Facebook defensive after Myanmar civil groups blast CEO Zuckerberg

Courtesy of Dave Gilbert and Violet Cho, students at the Australian National University

Facebook apologised on April 6 to Myanmar civil society groups who took issue with the social media network’s CEO Mark Zuckerberg’s defense of the platform’s record on curbing hate speech roiling the country, AFP reported.

Facebook has been battered by allegations that its platform has helped fuel communal bloodshed in Myanmar, a mainly Buddhist country accused of waging an ethnic cleansing campaign against Rohingya Muslims.

On April 5, six Myanmar organisations published an open letter criticising an interview Zuckerberg gave with news site Vox this week. In it he cited examples of both Myanmar Buddhists and Muslims spreading “sensational” messages on Facebook Messenger that warned of imminent violence from the other community.

“That’s the kind of thing where I think it is clear that people were trying to use our tools in order to incite real harm. Now, in that case, our systems detect that that’s going on. We stop those messages from going through,” Zuckerberg was quoted as saying.

In their letter, the six local tech and human rights organisations said they were surprised to hear Zuckerberg “praise the effectiveness” of Facebook’s systems in Myanmar.

“It took over four days from when the messages started circulating for the escalation to reach you,” said the groups, who had flagged the content to Facebook.

“Far from being stopped, they spread in an unprecedented way, reaching country-wide and causing widespread fear and at least three violent incidents in the process.”

A Facebook spokesman conceded the company was too slow in responding to reports about the incendiary messages.

“We should have been faster and are working hard to improve our technology and tools to detect and prevent abusive, hateful or false content,” the spokesman said.

“We are sorry that Mark did not make clearer that it was the civil society groups in Myanmar who first reported these messages,” he added.

In their joint letter, the local groups said Facebook’s response to hate speech and vicious rumours in Myanmar has been inadequate for years, adding that their offers to help craft broader solutions have gone unanswered.

They urged the social media giant to add reporting mechanisms to the Messenger app, increase transparency, engage more with local stakeholders and draw on data and engineering teams to identify repeat offenders.

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Courtesy of Dave Gilbert and Violet Cho, students at the Australian National University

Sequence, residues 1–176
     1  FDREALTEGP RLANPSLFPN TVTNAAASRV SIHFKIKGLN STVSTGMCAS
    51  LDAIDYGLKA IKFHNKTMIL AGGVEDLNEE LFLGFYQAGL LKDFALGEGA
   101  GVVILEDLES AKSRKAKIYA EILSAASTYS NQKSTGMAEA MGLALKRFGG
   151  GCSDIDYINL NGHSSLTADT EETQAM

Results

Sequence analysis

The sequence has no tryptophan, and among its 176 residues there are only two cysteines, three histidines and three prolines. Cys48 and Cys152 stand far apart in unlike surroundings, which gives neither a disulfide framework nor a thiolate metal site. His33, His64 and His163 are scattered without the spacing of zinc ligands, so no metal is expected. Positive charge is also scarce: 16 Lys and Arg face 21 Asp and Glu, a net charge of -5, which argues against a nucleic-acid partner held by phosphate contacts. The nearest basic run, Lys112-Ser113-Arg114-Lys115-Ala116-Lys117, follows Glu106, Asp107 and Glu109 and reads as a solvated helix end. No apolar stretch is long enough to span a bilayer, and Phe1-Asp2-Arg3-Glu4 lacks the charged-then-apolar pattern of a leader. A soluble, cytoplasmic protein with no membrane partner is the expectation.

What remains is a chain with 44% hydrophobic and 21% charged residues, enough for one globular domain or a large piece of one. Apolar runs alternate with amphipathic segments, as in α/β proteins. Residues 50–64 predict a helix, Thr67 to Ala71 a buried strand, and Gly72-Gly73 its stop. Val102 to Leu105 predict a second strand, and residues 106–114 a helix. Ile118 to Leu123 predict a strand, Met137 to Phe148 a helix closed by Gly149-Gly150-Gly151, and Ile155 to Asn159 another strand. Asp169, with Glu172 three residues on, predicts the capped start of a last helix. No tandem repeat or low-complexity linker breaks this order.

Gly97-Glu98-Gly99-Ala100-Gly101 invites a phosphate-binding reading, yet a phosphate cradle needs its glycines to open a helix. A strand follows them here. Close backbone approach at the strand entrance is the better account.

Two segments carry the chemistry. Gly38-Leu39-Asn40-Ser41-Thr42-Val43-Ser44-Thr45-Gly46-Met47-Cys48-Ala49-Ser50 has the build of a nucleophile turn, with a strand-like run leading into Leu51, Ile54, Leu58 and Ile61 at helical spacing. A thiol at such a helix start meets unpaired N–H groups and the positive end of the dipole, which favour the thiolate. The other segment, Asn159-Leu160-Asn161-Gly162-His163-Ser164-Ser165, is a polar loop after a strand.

Facebook apologised on April 6 to Myanmar civil society groups who took issue with the social media network’s CEO Mark Zuckerberg’s defense of the platform’s record on curbing hate speech roiling the country, AFP reported.

Courtesy of Dave Gilbert and Violet Cho, students at the Australian National University

Facebook apologised on April 6 to Myanmar civil society groups who took issue with the social media network’s CEO Mark Zuckerberg’s defense of the platform’s record on curbing hate speech roiling the country, AFP reported.

Facebook has been battered by allegations that its platform has helped fuel communal bloodshed in Myanmar, a mainly Buddhist country accused of waging an ethnic cleansing campaign against Rohingya Muslims.

On April 5, six Myanmar organisations published an open letter criticising an interview Zuckerberg gave with news site Vox this week. In it he cited examples of both Myanmar Buddhists and Muslims spreading “sensational” messages on Facebook Messenger that warned of imminent violence from the other community.

“That’s the kind of thing where I think it is clear that people were trying to use our tools in order to incite real harm. Now, in that case, our systems detect that that’s going on. We stop those messages from going through,” Zuckerberg was quoted as saying.

In their letter, the six local tech and human rights organisations said they were surprised to hear Zuckerberg “praise the effectiveness” of Facebook’s systems in Myanmar.

“It took over four days from when the messages started circulating for the escalation to reach you,” said the groups, who had flagged the content to Facebook.

“Far from being stopped, they spread in an unprecedented way, reaching country-wide and causing widespread fear and at least three violent incidents in the process.”

A Facebook spokesman conceded the company was too slow in responding to reports about the incendiary messages.

“We should have been faster and are working hard to improve our technology and tools to detect and prevent abusive, hateful or false content,” the spokesman said.

“We are sorry that Mark did not make clearer that it was the civil society groups in Myanmar who first reported these messages,” he added.

In their joint letter, the local groups said Facebook’s response to hate speech and vicious rumours in Myanmar has been inadequate for years, adding that their offers to help craft broader solutions have gone unanswered.

They urged the social media giant to add reporting mechanisms to the Messenger app, increase transparency, engage more with local stakeholders and draw on data and engineering teams to identify repeat offenders.

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